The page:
‘The Age of Asset Management’ — less risk, not more

This guest post, from Brian Reid, chief economist of the Investment Company Institute, is a response to this speech in April by the Bank of England’s chief economist, Andrew Haldane…

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As banks learn to live under tighter post-crisis constraints, central bankers around the world are worrying about financial risks that could move from banks to capital markets and perhaps trigger the next great crisis. After the experience of 2007–08, regulators rightly should be on guard for sources of weakness in the financial system.

Unfortunately, in their vigour, many regulators are seeing ‘systemic risk’—threats to the stability of the financial system—when the issue at hand is investment risk. Investment risk is a necessary part of a well-functioning economy, attracting investors willing to take known risks in hopes of gaining a reward. Systemic risk occurs when the financial system itself breaks down and is unable to perform its normal functions of matching savings to investment opportunities or facilitating economic activity. Read more

Safeguarding the future with public endowments​ for research

We routinely use our smart phones without realizing the research and development that produced it: the transistor, integrated circuits, wireless communication, the laser and optical communication, the internet, the Unix operating system, and so on. None of these existed during World War II. But four decades of post-war research created the foundation for today’s products (as Mariana Mazzucato has shown in her book The Entrepreneurial State).

Can we learn any principles about research and how it should be funded as a result of this example? Read more

Development banks good in crises, even better all other times

This is a guest post by Luciano Coutinho, CEO, BNDES, Brazilian Development Bank for the FT Alphaville Mission Finance series, in which he argues that development banks act as system stabilisers for the real economy.

The 2008-2009 crisis revealed to the world what was known at a national level: qualified public financial institutions are of extreme importance when private credit slows down. Delicate financial situations require immediate and efficient actions and the recent countercyclical success of development banks (DBs) shows to what extent these institutions behave as system stabilisers in times of credit contraction. Read more

De-financialising the real economy

Mariana Mazzucato organiser of this week’s Mission-Oriented Finance conference in London and RM Phillips Professor in the Economics of Innovation, SPRU, University of Sussex, is attempting to rescue the idea of The Entrepreneurial State, debunking myths about private and public sector innovation. Here is her latest contribution to the Mission Finance series at FT Alphaville.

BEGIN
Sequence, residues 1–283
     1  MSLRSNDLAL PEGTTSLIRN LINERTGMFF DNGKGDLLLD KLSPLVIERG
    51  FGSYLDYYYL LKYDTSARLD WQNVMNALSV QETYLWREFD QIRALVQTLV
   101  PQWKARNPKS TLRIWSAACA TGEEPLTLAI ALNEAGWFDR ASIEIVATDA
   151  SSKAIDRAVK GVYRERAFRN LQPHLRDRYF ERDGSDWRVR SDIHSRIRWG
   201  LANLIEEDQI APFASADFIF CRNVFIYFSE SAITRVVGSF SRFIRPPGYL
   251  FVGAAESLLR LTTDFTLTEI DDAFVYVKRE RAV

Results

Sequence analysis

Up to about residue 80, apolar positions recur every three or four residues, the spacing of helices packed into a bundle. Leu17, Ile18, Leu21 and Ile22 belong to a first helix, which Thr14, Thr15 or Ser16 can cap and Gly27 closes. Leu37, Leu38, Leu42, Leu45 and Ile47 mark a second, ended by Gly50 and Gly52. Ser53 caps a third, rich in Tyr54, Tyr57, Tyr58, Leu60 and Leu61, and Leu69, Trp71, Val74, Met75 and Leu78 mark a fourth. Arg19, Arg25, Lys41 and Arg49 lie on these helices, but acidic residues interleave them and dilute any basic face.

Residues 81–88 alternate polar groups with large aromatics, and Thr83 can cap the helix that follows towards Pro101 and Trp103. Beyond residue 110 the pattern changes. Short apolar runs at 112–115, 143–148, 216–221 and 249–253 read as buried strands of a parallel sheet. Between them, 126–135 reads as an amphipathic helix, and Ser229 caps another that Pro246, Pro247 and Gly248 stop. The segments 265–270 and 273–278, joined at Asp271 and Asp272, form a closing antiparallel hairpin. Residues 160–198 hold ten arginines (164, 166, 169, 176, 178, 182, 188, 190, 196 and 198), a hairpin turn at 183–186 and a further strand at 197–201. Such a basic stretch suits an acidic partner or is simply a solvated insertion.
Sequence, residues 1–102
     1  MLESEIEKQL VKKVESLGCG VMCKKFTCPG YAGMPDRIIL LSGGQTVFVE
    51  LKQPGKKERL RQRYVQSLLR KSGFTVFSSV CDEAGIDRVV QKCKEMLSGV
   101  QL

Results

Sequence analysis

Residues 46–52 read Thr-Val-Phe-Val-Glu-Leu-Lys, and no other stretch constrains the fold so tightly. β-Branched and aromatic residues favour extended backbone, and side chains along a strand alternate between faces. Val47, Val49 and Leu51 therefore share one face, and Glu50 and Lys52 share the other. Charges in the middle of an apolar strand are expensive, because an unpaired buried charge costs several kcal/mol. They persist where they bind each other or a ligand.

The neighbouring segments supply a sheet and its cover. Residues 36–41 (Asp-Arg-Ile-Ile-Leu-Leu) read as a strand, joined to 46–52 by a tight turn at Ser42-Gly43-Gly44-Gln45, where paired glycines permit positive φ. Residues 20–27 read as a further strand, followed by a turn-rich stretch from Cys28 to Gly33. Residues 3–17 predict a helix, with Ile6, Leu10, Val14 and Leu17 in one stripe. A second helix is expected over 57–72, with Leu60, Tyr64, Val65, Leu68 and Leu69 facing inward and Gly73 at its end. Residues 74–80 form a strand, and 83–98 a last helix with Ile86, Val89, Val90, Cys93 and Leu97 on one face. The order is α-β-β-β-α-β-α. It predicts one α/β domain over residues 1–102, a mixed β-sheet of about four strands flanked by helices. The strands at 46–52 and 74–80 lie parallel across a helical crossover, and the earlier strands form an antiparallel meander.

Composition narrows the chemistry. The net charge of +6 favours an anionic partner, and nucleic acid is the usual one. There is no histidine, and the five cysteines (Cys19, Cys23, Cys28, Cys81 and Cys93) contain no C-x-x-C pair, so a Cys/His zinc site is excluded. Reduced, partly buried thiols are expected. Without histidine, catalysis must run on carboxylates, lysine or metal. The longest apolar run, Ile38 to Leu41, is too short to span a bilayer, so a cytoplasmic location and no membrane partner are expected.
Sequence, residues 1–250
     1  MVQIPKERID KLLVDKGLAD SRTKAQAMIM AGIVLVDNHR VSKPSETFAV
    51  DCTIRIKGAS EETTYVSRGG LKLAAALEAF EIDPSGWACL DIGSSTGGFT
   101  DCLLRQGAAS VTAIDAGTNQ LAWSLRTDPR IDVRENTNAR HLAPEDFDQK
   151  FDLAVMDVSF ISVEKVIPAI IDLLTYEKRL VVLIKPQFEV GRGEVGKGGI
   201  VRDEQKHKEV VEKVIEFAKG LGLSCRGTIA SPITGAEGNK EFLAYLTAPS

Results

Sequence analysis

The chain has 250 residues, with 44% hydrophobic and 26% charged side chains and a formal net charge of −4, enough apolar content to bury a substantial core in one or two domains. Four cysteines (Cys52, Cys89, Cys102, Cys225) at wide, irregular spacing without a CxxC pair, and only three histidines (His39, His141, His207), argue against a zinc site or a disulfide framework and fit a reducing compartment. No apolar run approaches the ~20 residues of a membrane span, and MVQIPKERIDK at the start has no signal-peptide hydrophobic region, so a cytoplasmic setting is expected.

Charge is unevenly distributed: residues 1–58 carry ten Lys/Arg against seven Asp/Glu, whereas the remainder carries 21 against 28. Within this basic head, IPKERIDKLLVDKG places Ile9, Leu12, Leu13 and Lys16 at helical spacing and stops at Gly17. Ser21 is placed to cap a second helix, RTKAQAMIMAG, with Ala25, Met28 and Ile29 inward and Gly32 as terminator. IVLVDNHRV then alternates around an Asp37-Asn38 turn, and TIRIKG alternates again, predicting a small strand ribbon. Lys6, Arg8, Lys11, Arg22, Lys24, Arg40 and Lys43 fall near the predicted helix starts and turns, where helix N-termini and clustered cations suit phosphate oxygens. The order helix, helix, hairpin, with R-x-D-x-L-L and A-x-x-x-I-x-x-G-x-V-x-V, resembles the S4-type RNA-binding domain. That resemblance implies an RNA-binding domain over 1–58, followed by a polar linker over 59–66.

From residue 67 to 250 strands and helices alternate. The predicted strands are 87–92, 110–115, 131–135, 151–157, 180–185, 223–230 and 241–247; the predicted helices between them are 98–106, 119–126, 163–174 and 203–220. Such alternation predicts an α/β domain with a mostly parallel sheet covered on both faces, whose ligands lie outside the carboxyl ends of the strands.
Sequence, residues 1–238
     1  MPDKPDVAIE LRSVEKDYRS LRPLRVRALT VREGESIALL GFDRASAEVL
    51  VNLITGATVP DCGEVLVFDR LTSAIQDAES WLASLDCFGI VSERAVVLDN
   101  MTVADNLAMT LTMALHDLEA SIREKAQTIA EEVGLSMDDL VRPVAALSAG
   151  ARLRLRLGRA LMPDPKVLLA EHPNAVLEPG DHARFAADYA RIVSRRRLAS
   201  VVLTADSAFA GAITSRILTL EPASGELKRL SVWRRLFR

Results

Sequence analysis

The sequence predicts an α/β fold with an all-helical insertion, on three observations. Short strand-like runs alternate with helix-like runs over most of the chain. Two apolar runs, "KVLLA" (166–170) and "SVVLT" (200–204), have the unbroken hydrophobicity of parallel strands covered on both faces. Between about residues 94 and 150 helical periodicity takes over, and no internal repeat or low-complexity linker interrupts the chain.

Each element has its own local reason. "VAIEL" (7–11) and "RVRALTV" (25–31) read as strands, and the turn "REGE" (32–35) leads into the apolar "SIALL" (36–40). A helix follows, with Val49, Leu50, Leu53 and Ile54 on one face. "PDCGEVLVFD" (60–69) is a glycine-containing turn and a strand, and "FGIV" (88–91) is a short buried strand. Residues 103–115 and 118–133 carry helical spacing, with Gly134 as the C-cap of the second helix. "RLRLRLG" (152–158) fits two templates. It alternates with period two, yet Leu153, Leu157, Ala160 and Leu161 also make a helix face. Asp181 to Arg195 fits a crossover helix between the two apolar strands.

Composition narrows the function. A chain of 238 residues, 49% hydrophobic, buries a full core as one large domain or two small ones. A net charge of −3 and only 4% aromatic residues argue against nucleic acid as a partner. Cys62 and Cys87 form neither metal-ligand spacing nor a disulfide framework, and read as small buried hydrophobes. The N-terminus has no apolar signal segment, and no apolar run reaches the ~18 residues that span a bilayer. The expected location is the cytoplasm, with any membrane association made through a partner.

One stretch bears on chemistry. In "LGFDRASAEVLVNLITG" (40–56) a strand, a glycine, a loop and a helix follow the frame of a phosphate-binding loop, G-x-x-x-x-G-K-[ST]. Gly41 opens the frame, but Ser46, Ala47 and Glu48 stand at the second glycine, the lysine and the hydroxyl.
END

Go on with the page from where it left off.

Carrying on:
Today our mission-oriented finance for innovation conference begins at the Houses of Parliament. Vince Cable, UK secretary of state for business, innovation and skills will be kicking off this evening arguing that a serious commitment to funding innovation means doubling innovation spend. Read more

Fighting poverty: how the wealthy can help

This guest post is from Mark Haefele, global chief investment officer at UBS Wealth Management and also chairman of the UBS Global Investment Committee.

Note that Mark will be fielding questions on the topic of poverty during Markets Live at 11am on Tuesday. A UBS white paper on fighting poverty is available here.

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Global economic growth, the rise of China, and the fall of communism have all contributed to lifting hundreds of millions out of poverty in the past 25 years. Unfortunately, the ‘easy gains’ have been made. The aforementioned factors are either one-off in nature, or likely to be less supportive in the future. As a result, private individuals, particularly wealthy investors, have a potentially significant role to play in reducing poverty, through a combination of sustainable and impact investing, and philanthropy. Read more

Mission Finance: why money matters – Randall Wray

The second guest post in this series comes from L Randall Wray, professor of economics at the University of Missouri-Kansas City. If the first was a call to arms for role of the state as entrepreneur, this is another big idea: we need to rethink the role of money in order to recognise the true challenge for finance.

Our Mission Oriented Finance conference explores how to direct funding toward what Hyman Minsky called “the capital development of the economy”, broadly defined to include private investment, public infrastructure, and human development.

But to understand how, we need to understand what money is and why it matters. After all, finance is the process of getting money into the hands of those who will spend it. Read more

Mission Finance: starting to think big again – Mariana Mazzucato